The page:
Hollis Taggart Galleries is pleased to present “Pathways and Parallels: Roads to Abstract Expressionism,” an examination of the aesthetic approaches that defined this central movement in American art. Created primarily from the late 1930s to the early 1950s, the nearly fifty paintings and drawings in this exhibition represent the major stylistic threads of this critical period of Abstract Expressionism.
“Pathways and Parallels” presents the Abstract Expressionist ethos by turning to its origins and sources to reveal the variety of ways in which artists adopted an abstract language to express their relationship to the outside world, to the artistic past, and often to their own inner psyches. Several key themes illuminate the diverse approaches of these artists—both household names and locally established artists. These themes include re-envisioned landscapes, Surrealist meditations, Cubist interpretations of space and form, and “the field” as a new metaphor for pictorial action.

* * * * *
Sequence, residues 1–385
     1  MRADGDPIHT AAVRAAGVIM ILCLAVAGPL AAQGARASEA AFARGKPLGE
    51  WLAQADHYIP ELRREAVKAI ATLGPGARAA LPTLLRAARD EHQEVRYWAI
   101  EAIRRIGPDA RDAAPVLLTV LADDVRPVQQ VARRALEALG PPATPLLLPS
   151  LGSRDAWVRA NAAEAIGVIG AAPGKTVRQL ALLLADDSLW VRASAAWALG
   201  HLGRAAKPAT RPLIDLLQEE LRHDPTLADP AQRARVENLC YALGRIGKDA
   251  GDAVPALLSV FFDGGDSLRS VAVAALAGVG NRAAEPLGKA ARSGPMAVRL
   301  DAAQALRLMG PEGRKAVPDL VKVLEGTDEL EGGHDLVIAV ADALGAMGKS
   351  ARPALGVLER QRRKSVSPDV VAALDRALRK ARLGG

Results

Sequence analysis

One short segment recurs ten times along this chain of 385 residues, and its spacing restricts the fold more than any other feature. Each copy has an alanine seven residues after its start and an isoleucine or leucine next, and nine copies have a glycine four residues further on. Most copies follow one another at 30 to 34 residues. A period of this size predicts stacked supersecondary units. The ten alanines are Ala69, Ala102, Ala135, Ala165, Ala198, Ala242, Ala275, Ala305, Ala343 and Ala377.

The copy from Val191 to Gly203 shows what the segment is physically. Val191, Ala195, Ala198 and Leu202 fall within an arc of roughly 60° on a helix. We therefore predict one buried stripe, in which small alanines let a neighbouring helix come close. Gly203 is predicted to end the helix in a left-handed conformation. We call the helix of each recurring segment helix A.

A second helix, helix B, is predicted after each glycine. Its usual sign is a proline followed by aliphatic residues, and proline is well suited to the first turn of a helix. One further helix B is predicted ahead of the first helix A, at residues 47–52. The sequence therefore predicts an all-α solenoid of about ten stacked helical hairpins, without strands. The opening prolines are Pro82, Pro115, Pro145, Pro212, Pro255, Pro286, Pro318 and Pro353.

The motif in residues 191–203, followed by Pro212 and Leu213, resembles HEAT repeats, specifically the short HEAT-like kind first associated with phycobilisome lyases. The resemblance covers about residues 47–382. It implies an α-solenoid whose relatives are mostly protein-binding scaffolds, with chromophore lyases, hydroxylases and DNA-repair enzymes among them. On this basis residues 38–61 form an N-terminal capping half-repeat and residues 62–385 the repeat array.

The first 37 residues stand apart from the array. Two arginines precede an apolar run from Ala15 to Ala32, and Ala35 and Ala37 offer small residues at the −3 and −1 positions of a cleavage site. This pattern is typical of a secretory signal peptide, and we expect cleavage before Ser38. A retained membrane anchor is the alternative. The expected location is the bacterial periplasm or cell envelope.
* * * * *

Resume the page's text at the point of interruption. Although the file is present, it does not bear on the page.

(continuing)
These approaches are exemplified in work by William Baziotes, Hans Burkhardt, Peter Busa, Arthur B. Carles, Rollin Crampton, Elaine de Kooning, Willem de Kooning, Arnold Friedman, Arshile Gorky, Adolph Gottlieb, John Graham, Hans Hofmann, Gerome Kamrowski, Franz Kline, Lee Krasner, Roy Lichtenstein, Conrad Marca-Relli, Robert Motherwell, David Park, Richard Pousette-Dart, Ralph Rosenborg, Mark Rothko, Ethel Schwabacher, Sonia Sekula, Charles Seliger, Sal Sirugo, Janet Sobel, Theodoros Stamos, Mark Tobey, and Jack Tworkov. A fully illustrated catalogue with an essay by guest curator Jeffrey Wechsler accompanies the exhibition. Wechsler, Senior Curator of the Jane Voorhees Zimmerli Art Museum, Rutgers University, is the author of numerous publications, including Abstract Expressionism: Other Dimensions (1989), and the groundbreaking Surrealism and American Art, 1931-1947 (1976).